Automaker, still trying to mend relationship with dealers, makes it easier for them to get bonuses.
Josee Valcourt / The Detroit News
DaimlerChrysler AG's Chrysler Group, which has made improving dealer profitability a priority, lowered its June sales targets, making it easier for its dealers to collect bonuses.
The Auburn Hills automaker reduced its "Volume Purchase Allowance" goals by 10 percent this month, according to a recent letter to retailers from Steven Landry, Chrysler's executive vice president for North American sales, global marketing, service and parts.
Once dealers hit their targets, they get bonuses for any additional vehicles they sell. The program has been a source of friction with some dealers, who say it often calls for unrealistic targets, as well as creates an uneven playing field that benefits larger, profitable dealerships and hurts those that are smaller and less profitable.
Chrysler spokesman Markus Mainka confirmed the reduced June's sales target.
"We try to ensure that the target-setting process is reasonable, transparent and also reflects how we think the industry will develop," Mainka said. "And we constantly continue to review the effectiveness of the program and make potential changes as necessary in consultation with the dealer council."
Since late last year, Chrysler has been trying to mend its tattered relationship with dealers after the automaker overestimated the market and crammed overbuilt vehicles onto retailers' lots.
In his "mid-year review" letter, Landry summarized measures taken in the first six months of the year and plans for the remainder of 2007. He wrote that one area in which the automaker has made progress is in setting "realistic retail sales targets."
Under Chrysler's revised targets for June, dealers will earn $500 for each vehicle they sell over their goal. For every vehicle they sell over the original target, they will earn $650.
The change motivates dealers who may have been discouraged because it appeared they weren't going to hit their targets, said Ron Kutz, general manager at Dallas Dodge Chrysler Jeep dealership. "It makes it obtainable," he said.
The lowered June goals also give dealers a shot at reaching their quarterly targets and getting those bonuses, Kutz said.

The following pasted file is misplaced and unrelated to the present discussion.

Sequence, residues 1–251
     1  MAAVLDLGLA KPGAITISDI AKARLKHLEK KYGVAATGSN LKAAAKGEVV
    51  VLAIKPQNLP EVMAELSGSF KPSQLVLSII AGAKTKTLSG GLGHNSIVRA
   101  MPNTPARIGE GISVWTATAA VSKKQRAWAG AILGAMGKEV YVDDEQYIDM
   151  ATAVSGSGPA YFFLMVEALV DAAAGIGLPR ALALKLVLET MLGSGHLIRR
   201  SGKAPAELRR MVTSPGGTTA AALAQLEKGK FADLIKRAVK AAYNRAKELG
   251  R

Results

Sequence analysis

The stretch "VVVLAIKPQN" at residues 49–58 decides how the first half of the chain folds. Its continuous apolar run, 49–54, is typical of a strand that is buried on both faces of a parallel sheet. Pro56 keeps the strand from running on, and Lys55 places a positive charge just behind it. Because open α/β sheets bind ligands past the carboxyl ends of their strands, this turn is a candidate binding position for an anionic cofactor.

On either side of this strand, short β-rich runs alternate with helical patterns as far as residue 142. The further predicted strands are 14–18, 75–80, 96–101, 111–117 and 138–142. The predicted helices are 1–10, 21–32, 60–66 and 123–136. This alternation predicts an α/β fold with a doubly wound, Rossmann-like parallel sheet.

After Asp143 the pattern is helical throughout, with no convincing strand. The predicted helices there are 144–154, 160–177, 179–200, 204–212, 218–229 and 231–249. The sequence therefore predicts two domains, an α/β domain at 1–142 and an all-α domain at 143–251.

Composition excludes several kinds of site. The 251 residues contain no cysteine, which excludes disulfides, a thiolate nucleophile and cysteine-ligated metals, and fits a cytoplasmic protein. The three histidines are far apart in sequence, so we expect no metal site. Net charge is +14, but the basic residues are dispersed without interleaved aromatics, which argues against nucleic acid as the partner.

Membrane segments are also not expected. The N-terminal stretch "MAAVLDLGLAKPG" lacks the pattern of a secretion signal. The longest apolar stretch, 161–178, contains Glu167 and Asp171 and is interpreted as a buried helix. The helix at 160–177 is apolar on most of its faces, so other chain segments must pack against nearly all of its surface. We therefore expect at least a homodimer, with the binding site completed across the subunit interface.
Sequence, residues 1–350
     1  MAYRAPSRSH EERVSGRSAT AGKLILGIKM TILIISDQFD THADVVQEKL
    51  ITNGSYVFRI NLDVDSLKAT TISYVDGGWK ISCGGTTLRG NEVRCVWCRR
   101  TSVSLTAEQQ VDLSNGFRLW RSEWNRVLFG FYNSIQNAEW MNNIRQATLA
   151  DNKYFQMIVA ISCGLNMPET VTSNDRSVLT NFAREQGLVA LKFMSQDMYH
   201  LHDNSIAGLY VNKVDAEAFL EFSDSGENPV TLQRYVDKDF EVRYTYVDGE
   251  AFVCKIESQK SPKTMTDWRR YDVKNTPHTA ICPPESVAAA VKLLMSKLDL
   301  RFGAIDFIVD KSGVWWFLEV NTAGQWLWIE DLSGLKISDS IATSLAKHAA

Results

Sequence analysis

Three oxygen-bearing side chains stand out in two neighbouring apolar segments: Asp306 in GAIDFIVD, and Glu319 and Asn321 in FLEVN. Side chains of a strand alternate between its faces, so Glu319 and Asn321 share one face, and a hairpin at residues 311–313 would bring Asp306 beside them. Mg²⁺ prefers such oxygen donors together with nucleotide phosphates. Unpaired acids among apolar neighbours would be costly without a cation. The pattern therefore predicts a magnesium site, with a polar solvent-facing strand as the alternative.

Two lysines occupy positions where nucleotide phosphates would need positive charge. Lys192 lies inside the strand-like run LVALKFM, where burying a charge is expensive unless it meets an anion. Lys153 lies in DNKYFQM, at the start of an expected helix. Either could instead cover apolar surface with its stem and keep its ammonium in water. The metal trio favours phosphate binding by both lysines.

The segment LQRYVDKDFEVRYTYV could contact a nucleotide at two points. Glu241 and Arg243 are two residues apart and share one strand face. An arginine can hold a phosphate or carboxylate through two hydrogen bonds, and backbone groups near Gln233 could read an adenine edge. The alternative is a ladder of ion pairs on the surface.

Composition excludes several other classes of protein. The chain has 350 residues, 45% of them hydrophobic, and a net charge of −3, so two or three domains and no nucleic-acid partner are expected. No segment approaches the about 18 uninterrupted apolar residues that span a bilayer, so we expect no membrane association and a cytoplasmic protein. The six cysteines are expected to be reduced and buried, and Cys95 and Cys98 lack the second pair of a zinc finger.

"It's not just a reduction for June, but it's a reduction for April and May, which therefore means if I missed April, then wow! I have a chance to catch up on the all the money from April. It's a double win for a dealer."
Doug Wilson of Wilson Dodge in Flowood, Miss., said the new targets show the automaker is paying attention to "what's going on in the marketplace and with our sales. This shows that their numbers were unrealistic to begin with and out of touch with the current market conditions."
For the month of June, vehicle sales are expected to reach about 16.2 million units on a seasonally adjusted annual rate, said Erich Merkle, an analyst with IRN Inc. in Grand Rapids. That compares to a 16.3 million annual rate last June.
"We're seeing some weakness in the market in terms of sales," Merkle said. "It's slight, but it's there."
Higher gas prices and interest rates have impacted consumer spending habits. However, Chrysler's lower June targets may have more to do with how its vehicles are being received in the marketplace, Merkle said.
"They're going to have to tread water for a while until they get their new minivans," he said. "That will be their next big hit. A lot of the stuff that they've had just hasn't performed very well outside of the Wrangler four-door."
In the letter, Landry urged dealers to sell more Dodge Caliber and Nitro vehicles, among other newer models.
"We can sell more Caliber," the letter reads. "It is perfect for the U.S. market. Sebring and Avenger are great vehicles, and we need your help to advertise them locally Compass and Nitro need a push from both of us."